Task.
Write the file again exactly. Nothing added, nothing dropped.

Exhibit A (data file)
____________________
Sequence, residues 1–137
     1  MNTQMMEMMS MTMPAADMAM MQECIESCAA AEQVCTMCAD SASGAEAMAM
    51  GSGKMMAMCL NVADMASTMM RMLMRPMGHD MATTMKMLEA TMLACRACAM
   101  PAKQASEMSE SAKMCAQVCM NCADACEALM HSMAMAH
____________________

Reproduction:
Sequence, residues 1–137
     1  MNTQMMEMMS MTMPAADMAM MQECIESCAA AEQVCTMCAD SASGAEAMAM
    51  GSGKMMAMCL NVADMASTMM RMLMRPMGHD MATTMKMLEA TMLACRACAM
   101  PAKQASEMSE SAKMCAQVCM NCADACEALM HSMAMAH